Wakey wakey! At 8.30 every morning at Wrocław’s New Horizons film festival, all remaining tickets for the following day’s screenings become available to press and industry delegates. To reserve a ticket, one must click on the desired film as laid out on the festival’s live online booking system—complete with second-by-second countdown and the number of tickets left. Within a single minute of the booking system going live, it’s not uncommon for all tickets to a screening to have gone. The fastest sell-out I recorded in my five days there was for Stray Dogs, all 200-plus remaining tickets to which had disappeared in four seconds.
Wrocław has the best of it, then. New Horizons, which for several years now has been billed after its chief sponsor as T-Mobile Nowe Horyzonty (TNH), is based primarily in a nine-screen venue in the centre of western Poland’s largest city—concentrating things to a three-storey hub of ostensibly chaotic activity. T-Mobile’s ubiquitous deep pink branding, the queues snaking around the concourse, the panicky race for last-minute tickets: all of these contribute to a feeling of togetherness at TNH, something that might otherwise be stifling if it wasn’t for the always-refreshing feeling that this is a public festival as well as an industry one. There are no press screenings: juries, critics, distributors and others all mingle with the paying public.
Wrocław also has the best of it in terms of timing. Occurring a couple of months after Cannes allows festival director Roman Gutek and his programming team to screen the bigger titles of that festival without expecting attendees to jump through hoops and pay obscene amounts to see them. Indeed, this first-time visitor has already marked TNH down as a 2015 must-attend: why bother with the palpably bland back-patty poison-pit of the Croisette when you can see the most alluring films that premiered there in a much less odious surrounding so appreciably soon after?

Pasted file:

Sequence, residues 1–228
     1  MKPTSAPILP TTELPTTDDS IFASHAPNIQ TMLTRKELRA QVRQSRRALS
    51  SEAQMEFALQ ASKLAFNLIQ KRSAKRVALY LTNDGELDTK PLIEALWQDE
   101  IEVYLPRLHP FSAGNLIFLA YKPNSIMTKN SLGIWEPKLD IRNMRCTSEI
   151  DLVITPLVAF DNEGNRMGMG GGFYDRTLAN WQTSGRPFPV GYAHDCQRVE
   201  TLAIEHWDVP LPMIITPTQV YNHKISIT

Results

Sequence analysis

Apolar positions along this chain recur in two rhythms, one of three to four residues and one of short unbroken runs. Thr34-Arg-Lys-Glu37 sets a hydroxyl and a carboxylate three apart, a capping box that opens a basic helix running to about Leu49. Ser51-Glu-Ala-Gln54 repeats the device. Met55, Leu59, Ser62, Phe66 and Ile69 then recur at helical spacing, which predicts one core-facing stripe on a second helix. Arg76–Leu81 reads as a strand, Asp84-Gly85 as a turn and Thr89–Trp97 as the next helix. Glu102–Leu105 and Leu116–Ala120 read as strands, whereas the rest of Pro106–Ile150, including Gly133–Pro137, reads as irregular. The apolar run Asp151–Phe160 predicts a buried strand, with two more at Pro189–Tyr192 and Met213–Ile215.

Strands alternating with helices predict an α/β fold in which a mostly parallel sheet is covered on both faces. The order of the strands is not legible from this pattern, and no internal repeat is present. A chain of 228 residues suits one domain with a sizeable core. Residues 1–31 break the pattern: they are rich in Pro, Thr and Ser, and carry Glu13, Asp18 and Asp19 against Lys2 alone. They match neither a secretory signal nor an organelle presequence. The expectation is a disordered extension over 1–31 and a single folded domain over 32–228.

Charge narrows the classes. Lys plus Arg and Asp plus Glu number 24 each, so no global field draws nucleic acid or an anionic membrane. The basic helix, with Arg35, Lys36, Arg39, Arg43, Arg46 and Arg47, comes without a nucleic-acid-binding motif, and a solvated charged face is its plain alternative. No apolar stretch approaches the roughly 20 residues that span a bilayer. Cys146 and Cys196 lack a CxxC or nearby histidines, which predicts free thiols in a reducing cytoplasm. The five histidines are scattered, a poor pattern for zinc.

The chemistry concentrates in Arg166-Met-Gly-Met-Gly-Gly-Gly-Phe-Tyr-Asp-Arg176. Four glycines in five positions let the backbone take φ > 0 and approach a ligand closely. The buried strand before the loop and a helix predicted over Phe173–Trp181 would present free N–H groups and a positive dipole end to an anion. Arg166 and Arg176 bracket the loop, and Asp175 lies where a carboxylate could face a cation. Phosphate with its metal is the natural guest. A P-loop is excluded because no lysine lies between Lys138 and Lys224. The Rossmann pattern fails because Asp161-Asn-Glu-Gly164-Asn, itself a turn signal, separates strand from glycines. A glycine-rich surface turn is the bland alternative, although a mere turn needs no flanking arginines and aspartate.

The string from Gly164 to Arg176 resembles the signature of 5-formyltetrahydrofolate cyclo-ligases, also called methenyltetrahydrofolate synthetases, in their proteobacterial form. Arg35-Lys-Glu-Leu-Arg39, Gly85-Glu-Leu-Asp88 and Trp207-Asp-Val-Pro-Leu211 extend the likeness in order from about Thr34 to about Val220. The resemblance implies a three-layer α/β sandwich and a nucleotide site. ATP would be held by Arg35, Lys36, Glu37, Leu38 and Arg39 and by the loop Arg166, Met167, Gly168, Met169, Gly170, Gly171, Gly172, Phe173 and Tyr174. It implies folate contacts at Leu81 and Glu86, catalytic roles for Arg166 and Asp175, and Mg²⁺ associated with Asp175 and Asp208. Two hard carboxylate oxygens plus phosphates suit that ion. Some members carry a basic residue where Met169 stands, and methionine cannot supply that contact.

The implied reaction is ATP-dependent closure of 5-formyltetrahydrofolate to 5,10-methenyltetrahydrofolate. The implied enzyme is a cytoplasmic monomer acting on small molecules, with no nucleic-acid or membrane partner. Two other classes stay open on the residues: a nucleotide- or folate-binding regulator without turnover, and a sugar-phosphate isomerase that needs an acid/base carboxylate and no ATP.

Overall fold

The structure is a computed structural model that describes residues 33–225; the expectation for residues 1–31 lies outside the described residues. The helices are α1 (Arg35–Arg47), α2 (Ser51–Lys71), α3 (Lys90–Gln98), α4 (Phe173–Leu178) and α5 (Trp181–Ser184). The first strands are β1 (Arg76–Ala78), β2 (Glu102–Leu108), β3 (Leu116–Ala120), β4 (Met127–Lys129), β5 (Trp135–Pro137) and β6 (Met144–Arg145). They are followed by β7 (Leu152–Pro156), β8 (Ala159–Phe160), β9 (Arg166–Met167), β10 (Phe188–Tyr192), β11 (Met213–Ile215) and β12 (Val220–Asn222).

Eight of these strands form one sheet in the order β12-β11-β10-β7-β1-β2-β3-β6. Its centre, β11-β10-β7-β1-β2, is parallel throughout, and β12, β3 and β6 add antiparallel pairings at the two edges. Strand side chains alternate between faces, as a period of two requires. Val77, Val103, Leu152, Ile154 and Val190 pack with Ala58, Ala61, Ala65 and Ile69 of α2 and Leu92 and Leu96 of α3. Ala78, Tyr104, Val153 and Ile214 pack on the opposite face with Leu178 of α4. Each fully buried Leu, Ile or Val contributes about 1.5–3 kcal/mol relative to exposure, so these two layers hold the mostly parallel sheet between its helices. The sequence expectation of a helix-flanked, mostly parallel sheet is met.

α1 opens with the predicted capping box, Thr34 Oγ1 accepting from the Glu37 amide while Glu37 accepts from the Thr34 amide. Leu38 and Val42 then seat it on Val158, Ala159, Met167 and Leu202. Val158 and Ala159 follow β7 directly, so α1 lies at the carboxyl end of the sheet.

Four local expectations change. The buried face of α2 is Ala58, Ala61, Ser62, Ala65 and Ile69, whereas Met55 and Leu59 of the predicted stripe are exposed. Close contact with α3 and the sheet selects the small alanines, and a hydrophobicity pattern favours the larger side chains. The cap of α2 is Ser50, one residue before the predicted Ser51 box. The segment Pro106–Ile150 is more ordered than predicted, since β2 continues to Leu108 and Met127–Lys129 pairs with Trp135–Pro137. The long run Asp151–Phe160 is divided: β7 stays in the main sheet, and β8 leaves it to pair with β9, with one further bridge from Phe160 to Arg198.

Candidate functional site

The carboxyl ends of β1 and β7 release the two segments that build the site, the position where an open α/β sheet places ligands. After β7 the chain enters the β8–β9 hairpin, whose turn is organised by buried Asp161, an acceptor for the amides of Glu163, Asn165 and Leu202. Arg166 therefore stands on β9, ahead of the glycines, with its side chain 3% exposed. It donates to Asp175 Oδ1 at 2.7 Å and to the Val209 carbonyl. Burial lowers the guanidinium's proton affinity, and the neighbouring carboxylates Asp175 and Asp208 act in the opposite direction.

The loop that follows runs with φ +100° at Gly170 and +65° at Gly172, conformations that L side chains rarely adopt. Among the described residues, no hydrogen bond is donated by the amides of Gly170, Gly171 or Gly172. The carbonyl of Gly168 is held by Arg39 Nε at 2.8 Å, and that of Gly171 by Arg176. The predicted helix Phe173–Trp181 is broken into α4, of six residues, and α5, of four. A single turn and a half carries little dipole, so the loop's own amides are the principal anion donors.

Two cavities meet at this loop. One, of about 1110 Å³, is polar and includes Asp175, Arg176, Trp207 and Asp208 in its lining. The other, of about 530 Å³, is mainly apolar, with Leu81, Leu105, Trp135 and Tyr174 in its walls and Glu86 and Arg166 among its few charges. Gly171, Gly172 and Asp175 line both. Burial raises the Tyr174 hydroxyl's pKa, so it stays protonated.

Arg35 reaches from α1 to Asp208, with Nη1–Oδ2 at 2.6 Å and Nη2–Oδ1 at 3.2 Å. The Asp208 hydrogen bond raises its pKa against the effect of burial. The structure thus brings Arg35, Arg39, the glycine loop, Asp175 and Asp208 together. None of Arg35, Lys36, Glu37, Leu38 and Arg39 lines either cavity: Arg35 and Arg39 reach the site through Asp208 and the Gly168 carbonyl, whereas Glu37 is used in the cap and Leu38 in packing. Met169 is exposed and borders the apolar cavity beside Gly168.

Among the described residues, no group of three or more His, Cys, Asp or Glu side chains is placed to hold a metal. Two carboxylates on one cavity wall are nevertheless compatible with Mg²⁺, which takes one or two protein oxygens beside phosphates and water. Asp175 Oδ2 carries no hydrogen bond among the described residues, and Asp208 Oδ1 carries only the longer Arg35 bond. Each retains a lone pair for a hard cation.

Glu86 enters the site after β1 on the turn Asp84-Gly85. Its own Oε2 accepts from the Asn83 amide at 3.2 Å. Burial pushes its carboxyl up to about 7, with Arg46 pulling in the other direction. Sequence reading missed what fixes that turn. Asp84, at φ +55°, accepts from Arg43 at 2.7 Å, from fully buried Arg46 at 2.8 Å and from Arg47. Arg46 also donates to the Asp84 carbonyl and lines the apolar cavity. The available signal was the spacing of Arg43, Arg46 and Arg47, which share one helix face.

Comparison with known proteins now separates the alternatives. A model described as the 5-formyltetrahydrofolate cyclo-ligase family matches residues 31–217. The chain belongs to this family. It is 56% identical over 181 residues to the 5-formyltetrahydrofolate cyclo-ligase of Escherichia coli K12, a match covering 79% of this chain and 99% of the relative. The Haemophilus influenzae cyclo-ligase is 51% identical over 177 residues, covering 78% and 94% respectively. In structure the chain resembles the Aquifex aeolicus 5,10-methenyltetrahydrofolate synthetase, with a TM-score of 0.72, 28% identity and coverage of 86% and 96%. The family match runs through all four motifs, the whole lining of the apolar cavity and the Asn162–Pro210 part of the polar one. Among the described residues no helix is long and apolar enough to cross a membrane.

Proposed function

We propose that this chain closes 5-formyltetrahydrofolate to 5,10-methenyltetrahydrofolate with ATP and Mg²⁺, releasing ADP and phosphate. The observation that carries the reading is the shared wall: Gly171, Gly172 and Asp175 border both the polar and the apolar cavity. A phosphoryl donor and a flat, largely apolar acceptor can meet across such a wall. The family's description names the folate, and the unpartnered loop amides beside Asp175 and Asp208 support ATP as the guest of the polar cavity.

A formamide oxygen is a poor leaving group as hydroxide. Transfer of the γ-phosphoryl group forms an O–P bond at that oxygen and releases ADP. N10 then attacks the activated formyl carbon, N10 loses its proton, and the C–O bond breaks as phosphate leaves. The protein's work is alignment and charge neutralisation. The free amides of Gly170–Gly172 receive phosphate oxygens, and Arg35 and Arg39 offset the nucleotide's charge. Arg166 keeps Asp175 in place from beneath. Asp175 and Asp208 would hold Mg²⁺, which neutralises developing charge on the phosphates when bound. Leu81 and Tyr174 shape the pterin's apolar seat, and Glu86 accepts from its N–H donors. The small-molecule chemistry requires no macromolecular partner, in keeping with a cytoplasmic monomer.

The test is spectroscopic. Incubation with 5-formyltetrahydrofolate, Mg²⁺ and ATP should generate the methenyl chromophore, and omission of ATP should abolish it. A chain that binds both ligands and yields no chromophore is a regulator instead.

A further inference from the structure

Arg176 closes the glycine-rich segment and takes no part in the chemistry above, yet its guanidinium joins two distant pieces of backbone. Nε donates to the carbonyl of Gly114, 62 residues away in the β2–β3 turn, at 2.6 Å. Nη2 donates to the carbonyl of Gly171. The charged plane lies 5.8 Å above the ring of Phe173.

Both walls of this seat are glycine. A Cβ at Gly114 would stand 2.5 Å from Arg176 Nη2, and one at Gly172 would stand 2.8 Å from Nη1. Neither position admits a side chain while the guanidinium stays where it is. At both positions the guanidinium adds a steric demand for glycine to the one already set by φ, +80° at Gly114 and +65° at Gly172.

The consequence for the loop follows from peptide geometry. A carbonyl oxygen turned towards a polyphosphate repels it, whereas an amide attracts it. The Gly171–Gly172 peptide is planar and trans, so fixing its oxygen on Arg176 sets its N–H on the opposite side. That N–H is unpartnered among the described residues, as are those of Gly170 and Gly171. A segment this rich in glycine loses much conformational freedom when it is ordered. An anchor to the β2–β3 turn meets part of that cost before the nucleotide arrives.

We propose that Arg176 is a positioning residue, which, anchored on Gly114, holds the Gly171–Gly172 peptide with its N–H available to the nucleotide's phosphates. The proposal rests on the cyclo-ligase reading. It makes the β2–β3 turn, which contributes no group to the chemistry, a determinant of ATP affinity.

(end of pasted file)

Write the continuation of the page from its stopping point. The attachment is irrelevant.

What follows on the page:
Among these alluring films are the heavies of both yesteryear and tomorrow. The credits list is a dream: Ceylan, Alonso, Zvyagintsev, Dumont—all of whom have been around long enough now to be familiar, but who also seem to be pushing themselves in profitable new directions. Dumont’s latest, Li’l Quinquin—a four-part comedy made for French television—is a welcome departure from previous material. Set on the northwest French coast, the 197-minute series is a murder mystery of Twin Peaks standing, seen mostly from the perspective of its eponymous cleft-lipped teen (Alane Delhaye) and bumblingly quizzical, bushy-browed, marvelously mustachioed lead detective Captain Van der Weyden (Bernard Pruvost). As intriguing as it is perplexing, Dumont’s finest effort to date is a surreal and often breathtakingly poignant work, recalling the darkly hilarious depths of UK television’s ensemble comedy The League of Gentlemen.
I’d gone cool on Dumont in recent years, though there was never any denying his previous miserablism was inimitably his own. Similar things can be said of Lisandro Alonso, one of the key figures of the recent ‘slow-cinema’ craze. Returning with Jauja after six years in the wilderness, Alonso retreats ahead of toothless imitators armed with Viggo Mortensen as a nineteenth-century military captain in search of his teenage daughter in a mystical but unforgiving South American desert. Opening onscreen text primes us on the unsolvable misery to come, but the film has an offbeat charm as well as its director’s palpable enjoyment of deadpan humor—something that made his first three features highly distinctive, but which seemed to be missing from Liverpool, his fourth. Welcome back, at any rate.